George Pell: Enigma variations or the real thing?

Jan 29, 2023
Australian Cardinal George Pell poses at his office in the San Giovanni Tower at the Vatican on Oct.16, 2014. Image: Alamy

While opinion leaders, politicians and believers seek to package George Pell in words or in the crypt of St Mary’s Basilica I am interested in some unpacking, using two prys. Two questions.

One, how could an organisation appoint and sustain, in high office, a man whose ministrations seemed so much at variance with the values and the spirit of that organisation and its founder?

Secondly, what kind of persons, what powerful individuals supported and benefited from the rise of George Pell? He could not have done it alone. The two questions are quite connected.

Were there a job description for the office, selection criteria could be something like this.

Position vacant.

Opportunity for an ambitious Australian cleric. Reporting to The Vatican. The candidate for the position will:

Empathise with unfortunate people.

Will serve rather than dominate by amassing power and the possessions of privilege. (In housing travel, associates and diet etc.).

Will do unto others as they would wish to be done by.

Will live by love and compassion.

Will cultivate an active prayer life.

P.S. Experience in managing finance an asset And must be able to obey orders from HQ.

Not an easy gig. Especially in a large human organisation, hierarchical in structure, exclusionist in practice with its own monuments, costumes and rituals. A europocentric organisation composed of almost entirely one gender.

As a young seminarian I was confused by some of the behaviours in my house of study. I consulted a confessor from another house who told me ‘The just man lives by faith’ as an analgesic for the confusion.

I was trying to reconcile what I saw and what the organisation said it stood for.

Considering George Pell the quote can be rigged to state that the unjust man also lives by faith. A faith which works by denying or absolving aberrant behaviour as a way of maintaining a grip on that faith. If you can’t believe your eyes throw over the dissonant facts a quenching fire blanket of faith.

The unjust man lives by the faith of those who need to curate their fragile faith. And the unjust man will know they can rely on the trust of the biassed faithful.

Napoleon, Trump or Morrison could not do it alone. Nor could Pell. So who got him there? Well, for a start there is the mass of believers. There are others who stand to gain from the little mate.

The truism holds, it is ‘those you know rather than what you know’. And the ambitious person cultivates a strategically selected kitchen garden of powerful plants.

There are the investors in an older form of religion. Those who made sacrifices to live their lives by the letter of what the church taught. Then with the Second Vatican Council the rethink changed the rules, customs and policies.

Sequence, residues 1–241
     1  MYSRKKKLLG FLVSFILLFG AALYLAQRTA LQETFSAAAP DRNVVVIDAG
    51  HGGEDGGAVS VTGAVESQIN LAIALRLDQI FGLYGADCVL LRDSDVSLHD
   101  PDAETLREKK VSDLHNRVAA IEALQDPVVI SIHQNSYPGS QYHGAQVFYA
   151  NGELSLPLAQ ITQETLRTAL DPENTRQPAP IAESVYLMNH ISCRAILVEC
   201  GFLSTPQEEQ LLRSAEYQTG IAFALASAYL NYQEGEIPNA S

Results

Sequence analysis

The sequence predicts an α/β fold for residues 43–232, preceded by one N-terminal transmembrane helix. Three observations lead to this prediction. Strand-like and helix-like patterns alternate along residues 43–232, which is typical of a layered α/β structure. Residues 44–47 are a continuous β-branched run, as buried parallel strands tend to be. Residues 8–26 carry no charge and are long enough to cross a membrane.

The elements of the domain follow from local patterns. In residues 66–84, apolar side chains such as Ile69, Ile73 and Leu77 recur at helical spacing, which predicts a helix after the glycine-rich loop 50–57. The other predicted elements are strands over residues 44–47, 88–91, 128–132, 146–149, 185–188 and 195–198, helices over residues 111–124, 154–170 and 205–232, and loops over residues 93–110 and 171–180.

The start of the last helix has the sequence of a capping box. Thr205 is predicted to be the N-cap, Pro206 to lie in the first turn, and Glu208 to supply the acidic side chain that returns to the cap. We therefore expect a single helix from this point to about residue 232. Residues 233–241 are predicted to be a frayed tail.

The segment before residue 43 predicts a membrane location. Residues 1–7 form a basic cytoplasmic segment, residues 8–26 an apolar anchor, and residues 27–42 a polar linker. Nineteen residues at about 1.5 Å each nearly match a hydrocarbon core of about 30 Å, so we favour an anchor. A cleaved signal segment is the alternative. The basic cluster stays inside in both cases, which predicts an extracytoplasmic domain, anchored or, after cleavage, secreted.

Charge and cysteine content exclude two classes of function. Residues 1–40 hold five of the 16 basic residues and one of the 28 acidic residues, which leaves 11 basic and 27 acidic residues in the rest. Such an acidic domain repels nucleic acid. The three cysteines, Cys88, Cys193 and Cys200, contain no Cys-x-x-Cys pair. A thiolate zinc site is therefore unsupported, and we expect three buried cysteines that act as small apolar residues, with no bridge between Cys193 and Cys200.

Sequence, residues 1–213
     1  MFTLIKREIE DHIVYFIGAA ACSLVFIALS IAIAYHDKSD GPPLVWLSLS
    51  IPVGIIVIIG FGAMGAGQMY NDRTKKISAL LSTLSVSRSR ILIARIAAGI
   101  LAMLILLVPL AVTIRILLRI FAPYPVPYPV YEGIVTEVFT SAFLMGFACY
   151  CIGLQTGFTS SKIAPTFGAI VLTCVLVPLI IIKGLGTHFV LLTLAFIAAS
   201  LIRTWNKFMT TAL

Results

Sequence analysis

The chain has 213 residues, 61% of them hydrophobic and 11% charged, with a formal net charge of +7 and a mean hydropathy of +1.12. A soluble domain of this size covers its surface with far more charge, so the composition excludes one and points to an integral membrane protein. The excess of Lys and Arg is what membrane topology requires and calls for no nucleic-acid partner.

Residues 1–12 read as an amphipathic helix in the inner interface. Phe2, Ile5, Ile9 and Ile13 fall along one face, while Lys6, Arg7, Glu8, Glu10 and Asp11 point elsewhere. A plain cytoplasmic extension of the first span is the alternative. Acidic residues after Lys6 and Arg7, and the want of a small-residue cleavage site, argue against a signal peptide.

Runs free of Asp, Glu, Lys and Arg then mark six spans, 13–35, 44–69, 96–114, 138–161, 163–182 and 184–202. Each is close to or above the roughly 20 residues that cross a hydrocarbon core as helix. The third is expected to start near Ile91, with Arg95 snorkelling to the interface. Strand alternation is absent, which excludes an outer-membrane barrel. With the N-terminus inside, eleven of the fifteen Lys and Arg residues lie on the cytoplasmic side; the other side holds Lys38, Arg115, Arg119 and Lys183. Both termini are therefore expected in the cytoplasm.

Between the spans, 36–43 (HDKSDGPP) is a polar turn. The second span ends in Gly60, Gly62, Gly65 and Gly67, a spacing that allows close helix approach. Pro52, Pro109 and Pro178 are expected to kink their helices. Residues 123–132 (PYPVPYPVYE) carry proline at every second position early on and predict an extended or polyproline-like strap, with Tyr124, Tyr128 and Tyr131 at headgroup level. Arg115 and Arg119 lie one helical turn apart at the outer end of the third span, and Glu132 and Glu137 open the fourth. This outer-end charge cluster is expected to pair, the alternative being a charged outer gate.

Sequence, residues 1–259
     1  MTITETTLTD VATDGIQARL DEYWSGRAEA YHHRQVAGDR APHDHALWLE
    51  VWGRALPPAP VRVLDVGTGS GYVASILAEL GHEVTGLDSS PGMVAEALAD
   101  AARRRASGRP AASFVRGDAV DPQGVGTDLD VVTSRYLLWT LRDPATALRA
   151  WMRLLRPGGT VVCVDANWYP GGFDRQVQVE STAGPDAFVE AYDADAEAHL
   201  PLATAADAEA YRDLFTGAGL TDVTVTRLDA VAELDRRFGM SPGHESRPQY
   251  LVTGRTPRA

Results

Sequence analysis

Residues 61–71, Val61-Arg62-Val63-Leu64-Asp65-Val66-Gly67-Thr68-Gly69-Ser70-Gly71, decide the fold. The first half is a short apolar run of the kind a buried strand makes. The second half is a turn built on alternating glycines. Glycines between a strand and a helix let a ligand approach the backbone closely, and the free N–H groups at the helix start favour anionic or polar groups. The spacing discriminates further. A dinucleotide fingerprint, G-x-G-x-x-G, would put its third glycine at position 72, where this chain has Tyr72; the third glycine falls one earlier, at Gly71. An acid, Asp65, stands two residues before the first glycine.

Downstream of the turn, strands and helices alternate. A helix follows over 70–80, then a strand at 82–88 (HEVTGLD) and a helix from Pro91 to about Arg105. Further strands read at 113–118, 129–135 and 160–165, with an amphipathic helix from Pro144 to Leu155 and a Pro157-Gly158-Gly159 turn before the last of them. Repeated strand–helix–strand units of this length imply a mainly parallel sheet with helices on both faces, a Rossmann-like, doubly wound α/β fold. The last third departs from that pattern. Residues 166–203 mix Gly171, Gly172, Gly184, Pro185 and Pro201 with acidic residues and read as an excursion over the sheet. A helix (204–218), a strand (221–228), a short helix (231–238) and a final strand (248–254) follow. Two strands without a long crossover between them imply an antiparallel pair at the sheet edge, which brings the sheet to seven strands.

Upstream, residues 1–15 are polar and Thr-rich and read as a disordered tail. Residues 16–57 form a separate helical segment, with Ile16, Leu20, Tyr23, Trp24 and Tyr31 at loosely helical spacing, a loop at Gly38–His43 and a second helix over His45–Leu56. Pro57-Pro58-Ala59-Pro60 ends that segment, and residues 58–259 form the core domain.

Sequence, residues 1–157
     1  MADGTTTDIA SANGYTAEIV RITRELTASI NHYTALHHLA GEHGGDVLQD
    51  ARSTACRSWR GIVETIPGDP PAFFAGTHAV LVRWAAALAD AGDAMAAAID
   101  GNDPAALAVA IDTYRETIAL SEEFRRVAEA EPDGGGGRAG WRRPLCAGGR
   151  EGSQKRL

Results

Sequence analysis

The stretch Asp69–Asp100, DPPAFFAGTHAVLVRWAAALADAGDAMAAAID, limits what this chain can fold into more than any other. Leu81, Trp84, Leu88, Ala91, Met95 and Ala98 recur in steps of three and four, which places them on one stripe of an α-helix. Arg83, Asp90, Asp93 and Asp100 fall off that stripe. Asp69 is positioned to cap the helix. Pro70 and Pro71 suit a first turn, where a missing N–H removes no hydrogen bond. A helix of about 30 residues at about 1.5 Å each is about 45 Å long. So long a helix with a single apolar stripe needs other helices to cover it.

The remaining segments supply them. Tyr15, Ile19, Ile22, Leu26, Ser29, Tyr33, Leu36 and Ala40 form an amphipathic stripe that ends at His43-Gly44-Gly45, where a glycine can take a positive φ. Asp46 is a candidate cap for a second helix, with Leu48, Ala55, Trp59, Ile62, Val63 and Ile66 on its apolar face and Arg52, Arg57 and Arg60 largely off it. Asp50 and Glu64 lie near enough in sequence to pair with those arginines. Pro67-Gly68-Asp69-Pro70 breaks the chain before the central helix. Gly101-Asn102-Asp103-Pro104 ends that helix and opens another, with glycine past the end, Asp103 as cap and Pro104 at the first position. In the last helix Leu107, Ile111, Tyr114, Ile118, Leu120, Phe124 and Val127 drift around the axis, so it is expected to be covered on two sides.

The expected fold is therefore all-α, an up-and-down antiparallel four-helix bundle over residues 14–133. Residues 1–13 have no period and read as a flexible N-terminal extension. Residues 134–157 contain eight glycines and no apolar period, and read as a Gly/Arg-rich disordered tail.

This was too much for many who wanted to hold on to that old time religion. They felt betrayed in that they had lived by the green catechism. The Council turned all that on its head. What they were told were immutable, solid truths now downgraded or dropped.

You can understand their despair at their being reformed by authorities distant from themselves and so they dug in their heels to conserve, rather than serve or change.

Leadership, they say, is finding a procession to get in front of. And a procession of resentment, a sense of having been betrayed is always a safe bet. Just ask Donald Trump or Germany after the Treaty of Versailles.

Then there are the politicians after votes and media figures who wanted sales to carry their stories. If you could look like a friend of or get endorsement from Pell or Bob Santamaria or Don Bradman you could capture minds, hearts and wallets.

Howard knew this. Abbott knew this. Pell also knew this when he organised a Papal Knighthood for Rupert Murdoch. The Murdoch outlets canonised Pell before and after death.

Some would argue that Pope Francis must have trusted Pell when he when he appointed him to clean up the Vatical finances. There is no narrative that he chose Pell for his sanctity. He could have equally appointed Al Capone, Christopher Skase or Allan Bond. The job required toughness, the ability to manage money and power as Pell had demonstrated in the Sydney Archdiocese.

My impression is that Pell marshalled power by engaging with officials in the bureaucracy of the Vatican Curia.

Lastly, there are the clerics for whom Pell secured a purple jersey; his bishops. They needed to be insufficiently assertive to never challenge Pell and malleable enough to doing things his way. They were/are not great theologians or administrators nor good at liturgy. They are irreverently called ‘The Spice Girls’ for their devotion to incense, candles and lace surplices. They will be around for some time to oppose reform in the Catholic Church in Australia. That is unless Catholics take back some of the power given to the hierarchy.

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